Wednesday, October 05, 2005

I Can See The Bumps

Journal 7-2

For the longest time I wasn't the best judge of my work. Granted, I had a general idea of what sucked and what was decent. I was never stupid enough to think anything I wrote was cloud-in-heaven perfect, but when it came to looking at my writing and being able to find out what was wrong, I had a hard time.

Once I joined an online workshop things got much better. Not only was I able to read good information about things to look for when critiquing (I was a natural at critiquing diplomatically), but I got back loads of helpful critiques of my own work pointing out things I had never thought of or ever seen before. At times someone would point out something I still didn't think was a big deal and didn't bother with it (especially if only one person out of say, the twelve, thought so), but I appreciated the comment all the same. But if the majority of those looking at the piece thought something had to be done with such-and-such part, there's a good reason I should look into it more. And usually I would sit there nodding, thinking, "Yeah, I never thought of that, but yeah." So now I have a much better idea of what I'm doing and I think I make much better judgements than before.

When I do critiques I like to keep things light. Even if there is something seriously wrong or that I feel is icky concerning whatever it is I'm reading, I'll let the writer know. That's my job. That's why they've been confident enough to let some stranger read it. But I'm not rude. As I've said, I critique diplomaticlly. I make a few goofy wise-cracks here and there and put in the occasional smiley face and always leave with a positive "Keep at it!" comment. Even if they might be competition for me in the future. But hey, if they get published before me well then that just means they might have better skill and deserve it or I just need to work harder (or both). We're all writers. We should all be pals with our shared passion. I don't mind proofing or editing at all because it helps both the writer and myself. I may come out of the reading with even more ideas on what to look for in my own reading and other things to avoid doing. Remind myself to check for spelling and grammar errors I might overlook normally. Things like that.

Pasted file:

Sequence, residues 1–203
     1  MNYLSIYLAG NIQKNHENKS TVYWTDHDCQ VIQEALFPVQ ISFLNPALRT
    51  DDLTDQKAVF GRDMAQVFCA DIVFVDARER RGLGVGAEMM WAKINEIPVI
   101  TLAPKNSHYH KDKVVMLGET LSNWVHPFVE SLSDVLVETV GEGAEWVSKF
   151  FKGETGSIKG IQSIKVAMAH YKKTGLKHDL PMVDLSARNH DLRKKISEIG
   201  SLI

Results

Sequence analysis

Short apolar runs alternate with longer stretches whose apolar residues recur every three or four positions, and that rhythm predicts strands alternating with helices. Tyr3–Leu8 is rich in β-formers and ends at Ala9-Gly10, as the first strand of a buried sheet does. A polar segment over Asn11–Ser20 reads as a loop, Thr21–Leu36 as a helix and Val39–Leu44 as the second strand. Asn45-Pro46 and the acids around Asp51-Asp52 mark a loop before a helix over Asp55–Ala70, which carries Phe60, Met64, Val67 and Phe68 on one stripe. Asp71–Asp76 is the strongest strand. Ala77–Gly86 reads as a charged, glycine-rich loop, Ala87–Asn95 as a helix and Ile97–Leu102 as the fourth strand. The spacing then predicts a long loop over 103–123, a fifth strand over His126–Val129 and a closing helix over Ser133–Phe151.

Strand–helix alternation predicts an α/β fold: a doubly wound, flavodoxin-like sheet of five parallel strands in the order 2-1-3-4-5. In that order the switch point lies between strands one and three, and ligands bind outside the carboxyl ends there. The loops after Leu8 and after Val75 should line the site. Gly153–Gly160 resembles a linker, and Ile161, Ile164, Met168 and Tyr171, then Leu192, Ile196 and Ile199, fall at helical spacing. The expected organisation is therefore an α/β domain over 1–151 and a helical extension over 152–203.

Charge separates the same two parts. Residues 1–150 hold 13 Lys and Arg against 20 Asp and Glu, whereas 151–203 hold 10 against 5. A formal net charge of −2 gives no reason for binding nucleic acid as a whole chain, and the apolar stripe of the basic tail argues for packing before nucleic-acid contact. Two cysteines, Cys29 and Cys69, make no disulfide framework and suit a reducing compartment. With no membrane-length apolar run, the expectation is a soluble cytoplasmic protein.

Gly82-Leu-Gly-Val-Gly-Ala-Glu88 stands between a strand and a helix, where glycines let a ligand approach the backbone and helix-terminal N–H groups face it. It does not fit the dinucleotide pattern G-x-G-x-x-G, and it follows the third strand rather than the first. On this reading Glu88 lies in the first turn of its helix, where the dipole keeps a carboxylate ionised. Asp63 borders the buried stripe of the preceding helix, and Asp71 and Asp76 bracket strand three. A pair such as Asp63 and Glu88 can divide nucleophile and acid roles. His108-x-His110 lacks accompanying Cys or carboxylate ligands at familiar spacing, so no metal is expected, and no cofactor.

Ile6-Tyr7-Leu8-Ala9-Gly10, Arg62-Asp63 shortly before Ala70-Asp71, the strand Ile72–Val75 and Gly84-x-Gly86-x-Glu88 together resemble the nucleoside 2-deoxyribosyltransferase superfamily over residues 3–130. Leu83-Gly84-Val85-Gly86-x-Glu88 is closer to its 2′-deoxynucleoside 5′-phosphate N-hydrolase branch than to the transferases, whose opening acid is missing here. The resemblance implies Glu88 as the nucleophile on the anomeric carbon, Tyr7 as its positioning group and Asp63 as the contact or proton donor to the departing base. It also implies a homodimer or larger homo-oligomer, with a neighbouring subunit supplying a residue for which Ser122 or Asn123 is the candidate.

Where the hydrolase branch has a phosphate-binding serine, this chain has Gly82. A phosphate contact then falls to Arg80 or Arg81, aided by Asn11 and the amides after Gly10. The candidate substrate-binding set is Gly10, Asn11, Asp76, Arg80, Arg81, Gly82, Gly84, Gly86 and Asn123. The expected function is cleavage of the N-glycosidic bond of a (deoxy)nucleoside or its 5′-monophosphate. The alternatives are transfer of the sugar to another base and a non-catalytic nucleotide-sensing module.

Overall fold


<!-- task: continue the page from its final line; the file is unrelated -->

Besides, how else am I going to get better if I don't see any of the bumps in the road?

1 comment:

Stacey said...

It's not "wark," it's "kweh!!" Get it right!!!!